‘Thank God for the cooler’: Video shows miraculous boat rescue miles off Pasco County coast

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PASCO COUNTY, Fla. (WFLA) — Two men stranded in the Gulf of Mexico after their boat sank miles off the coast of Hudson Beach were rescued by a group of fishermen who were in the right place at the right time Sunday.

The must-see rescue video was published to Facebook by Adam Vetter Monday.

Vetter was with four others — Rob Wells, Fred Heidgerken and Joe Steplyk — boating back to shore around 6:30 p.m. when they came across a capsized boat about 12 miles off the coast of Hudson Beach.

Vetter could tell, it hadn’t been there long. “I knew there were people out there,” said Vetter. “You know I said to him, there’s somebody out there.”

The group reportedly tried to call the Coast Guard to see if the boat was called in yet, but couldn’t get a good signal. The group marked the location and continued in to shore to alert the Coast Guard.

On their way in, about 1-2 miles from the sinking boat, Heidgerken spotted something white about a half-mile north of them. As they got closer, they realized the piece of debris was a floating cooler. Next to the cooler were the waving hands of Jeovanni Villacis and Yunior Pupo.

The two had spent the day fishing until they noticed a problem as water was puddling in the rear of the boat. Villacis went to get a bucket to scoop some of the water out, but it was already too late. Their 16 1/2 foot boat was going down by the stern. Within seconds, Villacis and Pupo were in the water.

“And I’m like, grab that cooler, don’t let it go. It floats. We need stuff that floats right now. So he grabbed onto the side of the cooler “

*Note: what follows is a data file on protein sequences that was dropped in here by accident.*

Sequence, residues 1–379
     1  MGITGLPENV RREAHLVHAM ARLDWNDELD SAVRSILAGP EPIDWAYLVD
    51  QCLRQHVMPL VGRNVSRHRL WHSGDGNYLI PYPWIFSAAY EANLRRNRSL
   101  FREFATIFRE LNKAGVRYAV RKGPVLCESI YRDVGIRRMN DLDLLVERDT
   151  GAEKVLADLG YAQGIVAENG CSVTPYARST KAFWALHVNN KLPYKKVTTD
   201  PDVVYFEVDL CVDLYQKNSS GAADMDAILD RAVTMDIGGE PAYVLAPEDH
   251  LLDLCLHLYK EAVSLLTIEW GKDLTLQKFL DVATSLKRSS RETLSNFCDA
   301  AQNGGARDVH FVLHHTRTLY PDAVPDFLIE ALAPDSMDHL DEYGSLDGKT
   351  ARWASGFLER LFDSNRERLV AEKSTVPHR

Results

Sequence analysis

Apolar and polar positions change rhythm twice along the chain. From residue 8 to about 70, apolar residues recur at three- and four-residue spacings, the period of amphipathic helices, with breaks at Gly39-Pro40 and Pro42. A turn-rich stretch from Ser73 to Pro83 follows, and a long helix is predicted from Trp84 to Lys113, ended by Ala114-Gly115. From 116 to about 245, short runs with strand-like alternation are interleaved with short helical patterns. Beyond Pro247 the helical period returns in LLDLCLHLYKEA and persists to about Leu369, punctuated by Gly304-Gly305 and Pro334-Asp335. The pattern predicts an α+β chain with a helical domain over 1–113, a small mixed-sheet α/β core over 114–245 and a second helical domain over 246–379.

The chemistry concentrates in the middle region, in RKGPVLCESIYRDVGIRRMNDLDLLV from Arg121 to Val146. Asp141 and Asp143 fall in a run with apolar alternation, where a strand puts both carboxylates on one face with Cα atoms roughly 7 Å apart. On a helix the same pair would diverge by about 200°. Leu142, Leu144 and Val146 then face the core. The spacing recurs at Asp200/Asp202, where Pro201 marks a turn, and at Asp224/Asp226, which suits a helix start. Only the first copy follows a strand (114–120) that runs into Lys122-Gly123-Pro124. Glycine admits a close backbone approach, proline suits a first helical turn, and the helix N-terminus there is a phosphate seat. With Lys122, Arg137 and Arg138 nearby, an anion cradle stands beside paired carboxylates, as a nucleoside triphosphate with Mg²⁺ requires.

The men clung to the white Coleman cooler filled with their catch, a couple of life jackets and then floated to the surface. When the two men saw another boat within eyesight they attempted to swim to it but the current was too strong and the boater never saw them.

The two men said they said they had been floating in the Gulf for roughly three to four hours before Wells and his crew spotted them.

Villacis and Pupo said they had been kicking to stay afloat so long, they couldn’t feel their legs. That night, Villacis said he hugged his family and slept in the same bed with his wife and daughter that night. “I told everyone, I’m just grateful to be home,” said Villacis. “(We) slept together, all hugged together that night.”

As a veteran on the water, Captain Frederick N Heidgerken knows the outcome of this situation could have been much different. “I think Monday we talked about it on the boat, and it finally hit us,” said Heidgerken. “It’s amazing.”

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